Q: I just read about the cap on debit card interchange, and I’m wondering how this will impact me as a five-store menswear chain. Will I see a significant drop in my fees? How will I be able to account for it?
A: The passage of this legislation was a huge victory for retailers, a $16 billion victory. First, a little background because we have been following this debit card legislation very closely.
This was a hotly contested battle between the retailers and the card-issuing banks. Debit cards generate fees of $16 billion for the banks annually. The Durbin Amendment, which was a piece of legislation added to the Dodd-Frank bill, sought to limit the interchange rates that banks could charge for debit from an average of 44 cents to 12 cents.
Interchange rates are the fees a bank charges to retailers when consumers use their credit or debit cards. The Durbin Amendment covered only debit card interchange where it was argued that banks enjoyed a windfall in fees, without the commensurate costs of issuing credit cards.
The banks made the case that a cap on fees would not give them a needed reserve to protect against debit card losses and provide the necessary risk management. It would therefore require them to limit the amount, or cap, what a consumer could put on a debit card, ultimately hurting the consumer.
In addition, the interchange fees funded the rewards program for debit cards. As a result of this legislation, many banks, such as Chase, are ending those rewards programs that had encouraged consumers to use these cards.
Last May, the Senate approved The Durbin Amendment by a 64-33 margin to cap the debit interchange fees, and the vote that took place last week, championed by Sen. Jon Tester (D-Montana), was a last attempt to delay the changes from going into effect to allow Fed to further analyze the potential impact. The banks failed to get the necessary 60 votes to make that happen, and the Federal Reserve Board will move forward to cap the charges banks can charge on debit interchange by July 21.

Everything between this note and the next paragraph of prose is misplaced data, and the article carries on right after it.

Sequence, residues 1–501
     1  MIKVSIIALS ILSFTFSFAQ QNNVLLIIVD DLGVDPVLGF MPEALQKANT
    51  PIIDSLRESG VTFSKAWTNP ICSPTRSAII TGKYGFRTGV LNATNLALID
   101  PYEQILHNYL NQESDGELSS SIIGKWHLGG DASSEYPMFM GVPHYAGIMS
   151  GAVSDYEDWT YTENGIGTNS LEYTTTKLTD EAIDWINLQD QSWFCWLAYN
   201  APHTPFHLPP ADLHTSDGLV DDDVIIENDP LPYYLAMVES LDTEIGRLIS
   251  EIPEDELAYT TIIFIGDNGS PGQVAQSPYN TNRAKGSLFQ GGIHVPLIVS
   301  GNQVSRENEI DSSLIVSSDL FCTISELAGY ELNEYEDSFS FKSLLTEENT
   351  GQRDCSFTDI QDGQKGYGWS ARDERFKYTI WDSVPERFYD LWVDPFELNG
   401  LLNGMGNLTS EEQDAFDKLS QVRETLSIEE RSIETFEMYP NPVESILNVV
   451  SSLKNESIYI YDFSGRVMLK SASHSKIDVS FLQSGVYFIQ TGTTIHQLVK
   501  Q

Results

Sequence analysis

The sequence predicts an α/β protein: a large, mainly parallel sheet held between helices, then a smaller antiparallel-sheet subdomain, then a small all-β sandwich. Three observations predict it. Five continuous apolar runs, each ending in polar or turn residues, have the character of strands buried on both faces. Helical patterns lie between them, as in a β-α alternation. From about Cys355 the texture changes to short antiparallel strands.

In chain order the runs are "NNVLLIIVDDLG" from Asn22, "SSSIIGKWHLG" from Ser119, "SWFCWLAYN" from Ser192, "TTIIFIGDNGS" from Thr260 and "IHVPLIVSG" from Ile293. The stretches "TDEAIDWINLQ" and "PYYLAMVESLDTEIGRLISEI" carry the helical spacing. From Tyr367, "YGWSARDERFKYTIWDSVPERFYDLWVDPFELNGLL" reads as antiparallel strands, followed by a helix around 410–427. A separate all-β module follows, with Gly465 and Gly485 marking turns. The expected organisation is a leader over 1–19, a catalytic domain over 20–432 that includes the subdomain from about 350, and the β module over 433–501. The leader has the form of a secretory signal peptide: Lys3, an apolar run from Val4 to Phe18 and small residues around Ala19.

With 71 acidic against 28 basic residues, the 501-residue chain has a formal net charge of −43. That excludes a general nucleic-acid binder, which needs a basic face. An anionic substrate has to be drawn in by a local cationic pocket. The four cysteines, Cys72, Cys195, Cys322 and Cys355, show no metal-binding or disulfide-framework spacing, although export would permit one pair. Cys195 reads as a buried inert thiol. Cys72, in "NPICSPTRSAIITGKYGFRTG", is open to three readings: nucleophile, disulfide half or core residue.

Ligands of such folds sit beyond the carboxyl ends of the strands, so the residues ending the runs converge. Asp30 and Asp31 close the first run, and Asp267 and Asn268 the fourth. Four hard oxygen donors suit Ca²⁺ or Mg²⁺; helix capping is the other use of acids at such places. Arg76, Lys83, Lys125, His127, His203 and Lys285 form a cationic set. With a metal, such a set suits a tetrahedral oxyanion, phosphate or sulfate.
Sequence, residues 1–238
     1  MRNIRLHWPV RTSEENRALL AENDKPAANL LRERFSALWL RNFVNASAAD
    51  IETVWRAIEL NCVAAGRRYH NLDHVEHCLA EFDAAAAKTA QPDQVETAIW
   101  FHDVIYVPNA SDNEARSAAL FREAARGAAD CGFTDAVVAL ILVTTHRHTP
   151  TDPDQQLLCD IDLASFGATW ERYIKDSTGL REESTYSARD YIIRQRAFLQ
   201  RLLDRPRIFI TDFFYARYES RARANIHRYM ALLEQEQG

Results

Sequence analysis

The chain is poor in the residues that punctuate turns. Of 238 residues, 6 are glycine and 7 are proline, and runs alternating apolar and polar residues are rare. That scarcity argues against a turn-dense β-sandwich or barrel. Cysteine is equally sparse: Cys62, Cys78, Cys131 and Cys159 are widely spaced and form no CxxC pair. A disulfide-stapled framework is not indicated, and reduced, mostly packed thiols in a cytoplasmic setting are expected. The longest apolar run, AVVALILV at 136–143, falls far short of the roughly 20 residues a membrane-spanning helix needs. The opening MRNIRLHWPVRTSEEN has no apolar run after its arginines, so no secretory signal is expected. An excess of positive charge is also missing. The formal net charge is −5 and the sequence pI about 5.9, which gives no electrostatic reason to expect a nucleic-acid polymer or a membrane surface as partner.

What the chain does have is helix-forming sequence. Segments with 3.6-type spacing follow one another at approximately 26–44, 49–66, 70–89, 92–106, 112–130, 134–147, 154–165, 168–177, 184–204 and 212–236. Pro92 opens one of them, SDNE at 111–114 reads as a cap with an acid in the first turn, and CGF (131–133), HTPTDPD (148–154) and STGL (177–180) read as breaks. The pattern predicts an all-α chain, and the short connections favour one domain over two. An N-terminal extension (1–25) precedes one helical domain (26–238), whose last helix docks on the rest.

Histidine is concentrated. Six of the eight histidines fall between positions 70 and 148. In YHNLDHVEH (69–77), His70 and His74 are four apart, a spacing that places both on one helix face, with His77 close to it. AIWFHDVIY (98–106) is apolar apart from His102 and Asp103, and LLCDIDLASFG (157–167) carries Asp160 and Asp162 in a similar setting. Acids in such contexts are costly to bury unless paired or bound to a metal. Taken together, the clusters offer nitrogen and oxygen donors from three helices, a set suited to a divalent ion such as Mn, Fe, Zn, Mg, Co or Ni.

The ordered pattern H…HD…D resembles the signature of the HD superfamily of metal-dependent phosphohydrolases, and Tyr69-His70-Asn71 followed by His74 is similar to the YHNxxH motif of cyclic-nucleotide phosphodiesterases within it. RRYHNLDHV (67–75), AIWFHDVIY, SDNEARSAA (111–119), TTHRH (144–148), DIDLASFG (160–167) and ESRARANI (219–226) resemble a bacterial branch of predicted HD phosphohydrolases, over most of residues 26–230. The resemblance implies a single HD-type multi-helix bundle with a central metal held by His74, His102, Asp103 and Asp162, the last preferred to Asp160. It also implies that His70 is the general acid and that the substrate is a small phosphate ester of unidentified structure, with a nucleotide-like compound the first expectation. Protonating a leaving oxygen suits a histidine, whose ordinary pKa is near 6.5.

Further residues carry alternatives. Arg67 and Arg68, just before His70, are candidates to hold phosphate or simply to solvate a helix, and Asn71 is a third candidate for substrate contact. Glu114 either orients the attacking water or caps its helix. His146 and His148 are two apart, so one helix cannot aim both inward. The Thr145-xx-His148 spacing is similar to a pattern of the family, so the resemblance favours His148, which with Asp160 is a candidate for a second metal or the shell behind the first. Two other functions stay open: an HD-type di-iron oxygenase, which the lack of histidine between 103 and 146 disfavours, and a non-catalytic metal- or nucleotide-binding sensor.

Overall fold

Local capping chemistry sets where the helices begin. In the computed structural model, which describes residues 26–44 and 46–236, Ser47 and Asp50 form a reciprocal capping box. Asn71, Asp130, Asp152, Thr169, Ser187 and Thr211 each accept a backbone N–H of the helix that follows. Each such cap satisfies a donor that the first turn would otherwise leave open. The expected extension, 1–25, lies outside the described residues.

Now that the Interchange regulation on capping debit fees is official, what does it mean to you, the independent specialty retailer?
The first thing to understand is that any reduction in debit interchange doesn’t necessarily mean most merchants will realize these savings. As I discussed in a previous article, the majority of merchants are priced on a tiered credit card pricing structure (with a “swiped” qualified rate, a mid-qualified rate and a non-qualified rate). In a tiered-rate structure, individual interchange levels (such as debit) are not broken out but are bundled together, and as a result, retailers on this plan will not receive the penny for penny cost reduction the legislation provides.
So while the interchange fees for debit are being reduced by more than 70 percent, only a quarter to a half of the savings will most likely be passed on to merchants. The nation’s largest retailers, who had the lobbying heft in Washington to get this passed, and are all on interchange plans, will certainly get their share of the $16 billion. However, this will not be the case for the small and mid-size merchants that are still on tiered pricing plans.
In addition, there will be little motivation by processors, who enjoy high tiered-rate margins, to change clients to interchange pass-through and pass along the cost reductions. Since the fees on debit cards are coming down precipitously, the profit margin on tiered-rate programs will spike for processors using this structure. On a pure interchange pass-through plan, the savings all goes to the merchant, penny for penny. That means you need to make sure you get this structure in place for your business to benefit.
Another cautionary note is to be aware of faux interchange rate plans. There are programs disguised as interchange pass-through plans that are actually hybrids of both interchange and tiered-rate plans with sizable markups.
In an example of this type of interchange pricing, you would find interchange plus 20 basis points for a “qualified” transaction, but 50 basis points over interchange for a mid-qualified transaction and 100 basis points over interchange for anything they consider a non-qualified transaction. This goes against everything a true interchange program was designed to do, eliminate tiers and the large markups on credit card transactions.
So what actions should you take now in light of this legislation? Take a look at your most recent merchant statement and if you are not on a direct interchange pass-through pricing plan, make that a priority before the July 21st date when the Fed changes the fee structure. That will allow you to immediately benefit from the price reductions in debit, along with all the other financial benefits an interchange plan delivers over tiered pricing. (Again, see my previous article for benefits of interchange over tiered rate plans.
If you would like to discuss the benefits on interchange pass-through in more detail, e-mail me at firstname.lastname@example.org.